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Electroconvulsive therapy for manic state with mixed and psychotic features in a teenager with bipolar disorder and comorbid episodic obsessive–compulsive disorder: a case report

Overview of attention for article published in Journal of Medical Case Reports, December 2017
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About this Attention Score

  • Above-average Attention Score compared to outputs of the same age (55th percentile)
  • High Attention Score compared to outputs of the same age and source (84th percentile)

Mentioned by

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2 tweeters
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1 Facebook page
reddit
1 Redditor

Citations

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6 Dimensions

Readers on

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102 Mendeley
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Title
Electroconvulsive therapy for manic state with mixed and psychotic features in a teenager with bipolar disorder and comorbid episodic obsessive–compulsive disorder: a case report
Published in
Journal of Medical Case Reports, December 2017
DOI 10.1186/s13256-017-1508-8
Pubmed ID
Authors

Olof Rask, Klara Suneson, Eva Holmström, Beata Bäckström, Björn Axel Johansson

Abstract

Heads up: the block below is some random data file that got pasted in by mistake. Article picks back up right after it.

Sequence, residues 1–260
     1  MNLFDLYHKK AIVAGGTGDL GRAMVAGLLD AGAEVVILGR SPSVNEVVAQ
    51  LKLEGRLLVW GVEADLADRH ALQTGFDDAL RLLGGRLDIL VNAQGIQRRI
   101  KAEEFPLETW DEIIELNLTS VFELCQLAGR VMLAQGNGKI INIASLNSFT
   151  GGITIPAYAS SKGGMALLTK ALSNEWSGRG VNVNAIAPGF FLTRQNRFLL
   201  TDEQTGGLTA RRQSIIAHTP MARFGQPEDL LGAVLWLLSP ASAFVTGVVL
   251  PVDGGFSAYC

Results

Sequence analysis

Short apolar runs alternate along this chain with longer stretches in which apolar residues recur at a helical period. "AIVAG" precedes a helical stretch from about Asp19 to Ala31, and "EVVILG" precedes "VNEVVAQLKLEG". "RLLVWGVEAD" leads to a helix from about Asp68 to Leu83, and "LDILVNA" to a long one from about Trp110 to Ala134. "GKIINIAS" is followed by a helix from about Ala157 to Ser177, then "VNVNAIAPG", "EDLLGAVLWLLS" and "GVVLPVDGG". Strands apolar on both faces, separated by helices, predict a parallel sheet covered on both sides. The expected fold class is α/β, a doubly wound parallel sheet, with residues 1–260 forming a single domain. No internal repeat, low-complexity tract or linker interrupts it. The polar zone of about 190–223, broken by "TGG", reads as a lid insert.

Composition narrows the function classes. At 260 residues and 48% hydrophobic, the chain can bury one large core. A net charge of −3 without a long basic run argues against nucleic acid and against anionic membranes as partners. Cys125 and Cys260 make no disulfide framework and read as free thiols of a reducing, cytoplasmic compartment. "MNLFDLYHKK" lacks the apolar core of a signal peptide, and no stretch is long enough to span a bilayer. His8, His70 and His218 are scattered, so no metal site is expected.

Comorbidity of bipolar disorder and obsessive-compulsive disorder is common in adolescence. Obsessive-compulsive disorder symptoms may be episodic and secondary to alterations in mood, and display specific features. Management of pediatric bipolar disorder-obsessive-compulsive disorder is challenging, as pharmacotherapy of obsessive-compulsive disorder may induce or exacerbate manic episodes and there is limited evidence of treatment efficacy. Electroconvulsive therapy is sparsely used in children and adolescents, but is documented to be a safe and efficacious intervention in adults with bipolar disorder. In view of the severity of symptoms in juvenile mania, studies on treatment strategies are warranted. We report a case of an adolescent with bipolar disorder-obsessive-compulsive disorder who was successfully treated with electroconvulsive therapy during an episode of severe mania. A 16-year-old girl of Middle East origin first presented to us with depressed mood, irritability, and increased obsessive-compulsive disorder symptoms, which were initially interpreted in the context of acute stress secondary to migration. She had been diagnosed with bipolar disorder and obsessive-compulsive disorder in her previous home country, but had difficulties in accounting for earlier psychiatric history. During hospitalization her mood switched to a manic state with mixed and psychotic features, at times showing aggression toward others. Interruption in her lithium treatment for a short period and possibly the introduction of an atypical antipsychotic could in part have been triggering factors. After 8 weeks of in-patient care and psychotropic drug trials, electroconvulsive therapy was initiated and administered every second or third day for 4 weeks, with marked positive response. No apparent side effects were reported. This case demonstrates the need for a detailed medical history, taking special note of periodicity and character of obsessive-compulsive disorder symptoms, in adolescents with mood disorders. When treating culturally diverse patients, extra consideration should be taken. Special concerns in the pharmacological treatment to avoid the patient's condition from worsening must be addressed, including giving priority to mood stabilization before obsessive-compulsive disorder symptoms. There are potential benefits in considering electroconvulsive therapy in young patients with severe mania where first-line treatment options have failed.